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Brideshead Revisited is a 1981 British television serial starring Jeremy Irons and Anthony Andrews. It was produced by Granada Television for broadcast by the ITV network. Most of the serial was directed by Charles Sturridge; a few sequences were directed by Michael Lindsay-Hogg.

The serial is an adaptation of the novel Brideshead Revisited (1945) by Evelyn Waugh. It follows, from the 1920s to the early 1940s, the life and romances of the protagonist Charles Ryder—including his friendship with the Flytes, a family of wealthy English Catholics who live in a palatial mansion called Brideshead Castle.

The screenplay was written by Derek Granger (the film's producer) and others. Although the film credits attribute the screenplay to John Mortimer, Mortimer's script was not used.[1]

The 11-episode serial premiered on ITV in the UK on 12 October 1981; on CBC Television in Canada on 19 October 1981; and as part of the Great Performances series on PBS in the United States on 18 January 1982.[2]

In 2000, the serial was tenth on the list of the 100 Greatest British Television Programmes compiled by the British Film Institute, based on a poll of industry professionals. In 2007, the serial was listed as one of Time magazine's "100 Best TV Shows of All-TimeTemplate:-".[3] In 2010, it was second in The Guardian newspaper's list of the top 50 TV dramas of all time.[4] In 2015, The Telegraph listed it as #1 in the greatest television adaptations, stating that "Brideshead Revisited is television’s greatest literary adaptation, bar none. It's utterly faithful to Evelyn Waugh's novel yet it's somehow more than that, too."[5]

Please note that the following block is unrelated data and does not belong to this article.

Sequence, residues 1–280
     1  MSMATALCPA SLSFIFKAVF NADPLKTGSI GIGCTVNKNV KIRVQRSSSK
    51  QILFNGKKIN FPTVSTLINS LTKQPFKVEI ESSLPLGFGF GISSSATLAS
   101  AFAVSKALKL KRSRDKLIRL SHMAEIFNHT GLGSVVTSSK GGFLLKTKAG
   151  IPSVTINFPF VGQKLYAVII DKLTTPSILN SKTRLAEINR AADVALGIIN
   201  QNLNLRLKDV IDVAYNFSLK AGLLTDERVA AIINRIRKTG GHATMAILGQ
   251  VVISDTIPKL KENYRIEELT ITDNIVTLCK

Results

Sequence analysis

Episodes[]

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Episode number Title Running time Air date

Production[]

The television adaptation of Waugh's novel was originally conceived as a six-hour serial. In the summer of 1979, director Lindsay-Hogg began principal photography on the island of Gozo, where the sequences set in Morocco, Mexico and Central America were filmed. Shortly after the cast and crew returned to England, a technician's strike brought all ITV production to a halt. By the time it was settled four months later, Lindsay-Hogg was no longer available due to a prior commitment to another project.[6]

Lindsay-Hogg was replaced by relative novice Charles Sturridge, whose previous experience had been limited to directing episodes of Strangers and Crown Court. Cast contracts had to be renegotiated to take into account the extended filming period. Jeremy Irons, who was planning to audition for the film The French Lieutenant's Woman (1981), stipulated he would remain with Brideshead under condition he would be allowed time off to film French Lieutenant if he were cast. Rather than scrap the considerable completed footage in which the actor appeared, Granger agreed.[6]